Why is Voice Still a Critical Component of a Contact Centre?


Voice continues to be a critical component of contact centres

Why is Voice Still a Critical Component of a Contact Centre?

We have all read the reports – in the digital era, customers want omnichannel communication; millennials are unwilling to interact over voice; pure-play call centres are a thing of the past, etc. But is this trend truly overarching? And does this mean voice as a primary inbound/outbound medium is no longer relevant?  

The answer is a definitive NO.  

Voice continues to be a critical component of contact centres (for several reasons, as we will discuss), and research confirms this.  

Voice is the Dominant Medium Across Regions and Cultures

The rise of non-voice channels isn’t uniform. There are factors like age, technology literacy, culture and local infrastructure involved, which means that non-voice digital channels are still out of reach for many. As per research, phone or other voice services dominate communication channels in the US (44%), Brazil (33%), Germany (57%), Japan (30%), and the UK (31%), ahead of all other mediums.  

In fact, it is the only trend they share.  

But this does not mean that other channels are not important. A recent survey by Twilio found that email is almost as important as voice, and customers want to be able to switch between the two seamlessly. However, channels like social media or chat are yet to reach the same level of ubiquity.  

Four Reasons for the Continued Rule of Voice

  1. US Millennials prefer digital, but they do not comprise the majority of the global population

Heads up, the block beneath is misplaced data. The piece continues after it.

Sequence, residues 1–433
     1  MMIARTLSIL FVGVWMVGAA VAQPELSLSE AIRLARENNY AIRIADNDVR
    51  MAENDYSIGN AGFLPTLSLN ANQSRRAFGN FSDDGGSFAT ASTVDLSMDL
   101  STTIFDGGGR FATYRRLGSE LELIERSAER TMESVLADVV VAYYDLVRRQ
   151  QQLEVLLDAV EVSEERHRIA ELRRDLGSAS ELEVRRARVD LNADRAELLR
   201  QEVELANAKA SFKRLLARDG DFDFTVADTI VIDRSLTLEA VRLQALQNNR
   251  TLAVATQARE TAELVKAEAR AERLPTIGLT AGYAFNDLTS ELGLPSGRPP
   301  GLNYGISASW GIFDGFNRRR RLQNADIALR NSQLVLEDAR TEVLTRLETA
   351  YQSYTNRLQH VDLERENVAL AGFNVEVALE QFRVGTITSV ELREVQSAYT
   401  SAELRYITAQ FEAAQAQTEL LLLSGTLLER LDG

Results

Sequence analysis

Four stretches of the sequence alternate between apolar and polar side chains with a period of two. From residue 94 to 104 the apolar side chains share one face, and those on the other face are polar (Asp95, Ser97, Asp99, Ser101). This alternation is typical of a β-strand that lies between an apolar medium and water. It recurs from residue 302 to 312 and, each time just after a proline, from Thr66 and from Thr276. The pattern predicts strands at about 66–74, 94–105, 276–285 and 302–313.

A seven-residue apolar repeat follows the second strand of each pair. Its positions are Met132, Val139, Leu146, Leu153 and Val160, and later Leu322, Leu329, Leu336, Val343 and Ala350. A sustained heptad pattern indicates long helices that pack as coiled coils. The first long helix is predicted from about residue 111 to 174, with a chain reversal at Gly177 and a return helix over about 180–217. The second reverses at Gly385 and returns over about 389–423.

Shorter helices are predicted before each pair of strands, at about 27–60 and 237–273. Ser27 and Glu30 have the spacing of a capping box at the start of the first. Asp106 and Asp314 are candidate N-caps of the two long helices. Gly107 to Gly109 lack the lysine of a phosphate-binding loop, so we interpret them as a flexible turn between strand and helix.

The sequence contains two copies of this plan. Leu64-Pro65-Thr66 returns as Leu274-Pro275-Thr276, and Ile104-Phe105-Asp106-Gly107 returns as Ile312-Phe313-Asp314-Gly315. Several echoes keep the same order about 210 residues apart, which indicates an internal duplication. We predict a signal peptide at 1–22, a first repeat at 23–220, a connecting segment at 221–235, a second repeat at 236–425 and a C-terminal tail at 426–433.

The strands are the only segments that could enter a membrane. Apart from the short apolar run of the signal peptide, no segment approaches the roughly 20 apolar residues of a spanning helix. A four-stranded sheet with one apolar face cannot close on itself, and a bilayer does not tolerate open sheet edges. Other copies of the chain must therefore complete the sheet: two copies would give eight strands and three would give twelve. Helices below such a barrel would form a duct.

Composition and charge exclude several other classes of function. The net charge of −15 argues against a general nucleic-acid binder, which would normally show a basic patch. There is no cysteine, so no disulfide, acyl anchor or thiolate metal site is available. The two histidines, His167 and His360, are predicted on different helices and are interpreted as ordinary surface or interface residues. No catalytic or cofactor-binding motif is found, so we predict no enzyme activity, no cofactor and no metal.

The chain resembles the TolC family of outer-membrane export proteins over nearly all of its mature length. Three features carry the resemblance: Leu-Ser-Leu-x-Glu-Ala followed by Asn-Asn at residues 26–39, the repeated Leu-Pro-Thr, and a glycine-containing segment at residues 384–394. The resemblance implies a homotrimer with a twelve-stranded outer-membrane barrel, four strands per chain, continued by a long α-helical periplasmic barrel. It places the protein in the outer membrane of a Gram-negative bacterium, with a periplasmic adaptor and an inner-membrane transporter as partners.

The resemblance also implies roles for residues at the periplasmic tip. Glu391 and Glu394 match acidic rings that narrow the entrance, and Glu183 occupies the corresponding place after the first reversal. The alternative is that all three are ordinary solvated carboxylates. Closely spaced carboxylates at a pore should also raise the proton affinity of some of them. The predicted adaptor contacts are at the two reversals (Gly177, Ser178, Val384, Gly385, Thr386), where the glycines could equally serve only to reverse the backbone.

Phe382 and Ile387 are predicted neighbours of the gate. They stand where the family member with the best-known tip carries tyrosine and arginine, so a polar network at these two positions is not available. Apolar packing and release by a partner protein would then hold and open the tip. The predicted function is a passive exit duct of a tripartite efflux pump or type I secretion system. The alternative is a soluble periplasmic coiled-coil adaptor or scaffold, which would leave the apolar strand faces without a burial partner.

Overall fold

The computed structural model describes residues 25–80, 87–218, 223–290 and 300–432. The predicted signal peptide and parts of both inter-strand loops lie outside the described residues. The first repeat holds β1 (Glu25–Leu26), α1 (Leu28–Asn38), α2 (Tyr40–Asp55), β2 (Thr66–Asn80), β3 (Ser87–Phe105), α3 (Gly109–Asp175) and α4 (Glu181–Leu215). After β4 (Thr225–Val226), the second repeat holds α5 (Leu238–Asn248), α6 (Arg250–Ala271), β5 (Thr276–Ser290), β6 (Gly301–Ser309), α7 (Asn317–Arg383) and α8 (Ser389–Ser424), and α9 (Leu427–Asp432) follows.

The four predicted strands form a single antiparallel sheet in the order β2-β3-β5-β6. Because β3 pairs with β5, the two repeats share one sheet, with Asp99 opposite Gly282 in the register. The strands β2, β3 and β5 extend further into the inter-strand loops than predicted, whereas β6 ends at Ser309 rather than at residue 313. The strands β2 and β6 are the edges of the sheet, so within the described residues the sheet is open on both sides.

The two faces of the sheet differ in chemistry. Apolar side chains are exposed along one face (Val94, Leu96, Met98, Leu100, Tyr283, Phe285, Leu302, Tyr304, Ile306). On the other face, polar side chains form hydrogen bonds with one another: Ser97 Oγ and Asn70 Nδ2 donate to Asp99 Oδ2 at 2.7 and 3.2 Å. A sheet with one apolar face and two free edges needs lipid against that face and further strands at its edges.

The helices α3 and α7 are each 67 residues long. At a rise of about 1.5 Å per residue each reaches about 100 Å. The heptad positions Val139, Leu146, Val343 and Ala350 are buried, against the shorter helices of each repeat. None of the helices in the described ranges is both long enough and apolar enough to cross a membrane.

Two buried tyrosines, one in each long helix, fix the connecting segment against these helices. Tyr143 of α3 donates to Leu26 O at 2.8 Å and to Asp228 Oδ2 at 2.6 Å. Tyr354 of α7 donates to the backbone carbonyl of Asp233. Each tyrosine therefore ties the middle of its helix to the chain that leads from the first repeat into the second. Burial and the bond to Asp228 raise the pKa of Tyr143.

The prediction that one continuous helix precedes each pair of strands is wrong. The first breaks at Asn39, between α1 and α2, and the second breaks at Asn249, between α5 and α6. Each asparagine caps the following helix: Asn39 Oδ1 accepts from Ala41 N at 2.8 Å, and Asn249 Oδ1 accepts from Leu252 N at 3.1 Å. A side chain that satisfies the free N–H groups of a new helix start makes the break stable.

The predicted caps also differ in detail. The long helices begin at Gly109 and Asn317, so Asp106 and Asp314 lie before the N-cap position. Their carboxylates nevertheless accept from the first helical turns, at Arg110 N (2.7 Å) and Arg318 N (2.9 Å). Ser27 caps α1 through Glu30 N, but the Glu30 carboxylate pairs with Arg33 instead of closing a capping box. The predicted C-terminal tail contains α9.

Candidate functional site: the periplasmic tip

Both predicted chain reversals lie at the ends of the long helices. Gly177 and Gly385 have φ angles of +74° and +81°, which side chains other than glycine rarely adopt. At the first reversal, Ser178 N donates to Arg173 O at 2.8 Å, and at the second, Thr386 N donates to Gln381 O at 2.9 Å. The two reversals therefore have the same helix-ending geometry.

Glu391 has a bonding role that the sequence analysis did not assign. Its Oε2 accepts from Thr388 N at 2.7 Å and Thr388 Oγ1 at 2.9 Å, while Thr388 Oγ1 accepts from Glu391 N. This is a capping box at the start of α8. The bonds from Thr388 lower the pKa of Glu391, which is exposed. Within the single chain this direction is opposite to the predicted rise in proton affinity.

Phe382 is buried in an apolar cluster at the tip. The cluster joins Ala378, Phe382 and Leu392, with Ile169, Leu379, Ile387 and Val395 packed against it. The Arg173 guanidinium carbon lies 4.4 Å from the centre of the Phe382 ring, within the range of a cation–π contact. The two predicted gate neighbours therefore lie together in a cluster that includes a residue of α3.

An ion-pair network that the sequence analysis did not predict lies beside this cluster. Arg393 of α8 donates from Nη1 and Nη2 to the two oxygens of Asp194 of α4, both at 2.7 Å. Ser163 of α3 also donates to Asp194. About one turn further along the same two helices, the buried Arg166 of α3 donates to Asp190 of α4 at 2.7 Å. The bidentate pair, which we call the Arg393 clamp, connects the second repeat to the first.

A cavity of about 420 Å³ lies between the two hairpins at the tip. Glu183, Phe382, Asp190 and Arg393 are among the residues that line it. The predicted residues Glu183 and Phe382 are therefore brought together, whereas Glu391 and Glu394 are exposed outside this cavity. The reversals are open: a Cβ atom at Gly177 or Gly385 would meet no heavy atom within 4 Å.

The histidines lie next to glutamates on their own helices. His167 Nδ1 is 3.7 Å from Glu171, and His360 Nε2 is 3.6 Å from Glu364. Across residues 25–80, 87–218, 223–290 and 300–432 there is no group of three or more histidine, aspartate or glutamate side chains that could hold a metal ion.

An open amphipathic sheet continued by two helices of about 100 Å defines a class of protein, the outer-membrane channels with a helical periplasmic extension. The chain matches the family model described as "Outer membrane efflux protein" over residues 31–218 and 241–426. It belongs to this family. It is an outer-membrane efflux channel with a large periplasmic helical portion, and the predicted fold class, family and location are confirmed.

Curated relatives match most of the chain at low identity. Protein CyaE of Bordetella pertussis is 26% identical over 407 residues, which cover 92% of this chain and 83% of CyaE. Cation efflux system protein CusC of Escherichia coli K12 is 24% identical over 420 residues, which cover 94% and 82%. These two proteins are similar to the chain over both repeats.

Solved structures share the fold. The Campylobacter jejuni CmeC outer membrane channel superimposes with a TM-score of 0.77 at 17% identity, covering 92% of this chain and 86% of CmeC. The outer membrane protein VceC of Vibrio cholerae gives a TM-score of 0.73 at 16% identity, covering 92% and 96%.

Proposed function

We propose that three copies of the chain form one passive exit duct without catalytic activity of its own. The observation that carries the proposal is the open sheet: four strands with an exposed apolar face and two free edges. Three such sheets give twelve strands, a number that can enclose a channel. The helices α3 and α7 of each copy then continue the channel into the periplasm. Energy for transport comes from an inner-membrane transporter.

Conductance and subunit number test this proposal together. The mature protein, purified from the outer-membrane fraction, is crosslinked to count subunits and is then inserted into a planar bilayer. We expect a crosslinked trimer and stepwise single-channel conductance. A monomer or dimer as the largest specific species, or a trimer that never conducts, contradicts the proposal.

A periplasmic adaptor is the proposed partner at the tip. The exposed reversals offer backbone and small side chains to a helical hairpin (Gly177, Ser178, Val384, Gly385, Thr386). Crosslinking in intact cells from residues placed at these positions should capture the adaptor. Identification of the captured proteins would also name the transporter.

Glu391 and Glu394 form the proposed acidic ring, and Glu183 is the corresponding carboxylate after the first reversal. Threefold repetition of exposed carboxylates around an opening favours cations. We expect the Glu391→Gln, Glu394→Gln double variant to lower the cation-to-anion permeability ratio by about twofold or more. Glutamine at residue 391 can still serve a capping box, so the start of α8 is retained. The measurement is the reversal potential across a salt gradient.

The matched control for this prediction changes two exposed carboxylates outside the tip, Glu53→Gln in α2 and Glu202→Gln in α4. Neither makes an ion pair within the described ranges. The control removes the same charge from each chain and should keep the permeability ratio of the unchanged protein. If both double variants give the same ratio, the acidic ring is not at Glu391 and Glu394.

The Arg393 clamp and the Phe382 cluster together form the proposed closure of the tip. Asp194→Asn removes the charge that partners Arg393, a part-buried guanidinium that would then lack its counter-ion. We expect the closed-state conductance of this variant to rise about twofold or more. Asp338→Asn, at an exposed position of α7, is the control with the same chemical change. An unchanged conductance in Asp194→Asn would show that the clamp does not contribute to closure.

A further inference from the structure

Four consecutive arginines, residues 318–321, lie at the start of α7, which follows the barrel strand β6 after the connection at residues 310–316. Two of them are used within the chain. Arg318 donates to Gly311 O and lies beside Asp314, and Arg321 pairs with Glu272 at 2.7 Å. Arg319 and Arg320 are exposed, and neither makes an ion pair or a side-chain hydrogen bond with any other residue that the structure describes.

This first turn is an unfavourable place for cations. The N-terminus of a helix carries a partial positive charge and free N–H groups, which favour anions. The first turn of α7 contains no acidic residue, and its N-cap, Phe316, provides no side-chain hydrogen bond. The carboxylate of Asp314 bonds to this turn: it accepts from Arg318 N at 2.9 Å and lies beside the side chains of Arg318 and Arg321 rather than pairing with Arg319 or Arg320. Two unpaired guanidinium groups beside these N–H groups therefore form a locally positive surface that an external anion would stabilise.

Myths surrounding the “death of voice”, has a lot to do with studies conducted in the US. while just 16% of millennials prefer voice, this is just 1.8 billion people in a global population of over 7.5 billion. Further, there are cultural differences between millennials across the globe, leading to varied preferences and communication habits.  

  1. Telephony infrastructure is still ahead of digital connectivity 

Internet connectivity is yet to reach its full potential, demonstrated by the pandemic, which stained digital infrastructure and caused widespread outages last year. In contrast, telephony has been around for far longer and is more mature, able to stand up to unpredictable events, demand spikes, and the challenges of remote connectivity.  

  1. Customers are eager for one-on-one connectivity

Even if we look at digital channels like social media or chat, the impetus is for one-on-one connectivity with a live agent, NOT an automated bot or answering service. Voice agents promise the reassurance of an in-person conversation, allowing the customer to gain from cues such as the agent’s tonality, way of speaking, and the sense of closure that comes with voice conversations.  

  1. Language barriers hold back access to digital channels 

English and a handful of other channels form the majority of online content, making online self-service, FAQs, documentation, etc. inaccessible to a vast majority of the global population. Just 7% of the world’s languages are reflected in online published material, which means that localised contact centres are the only communication options for those without working knowledge of English.  

Therefore, as you invest in channel blending and omnichannel capabilities, voice should still be a top priority, even getting a leg up through enabling technologies like VoIP.  

 


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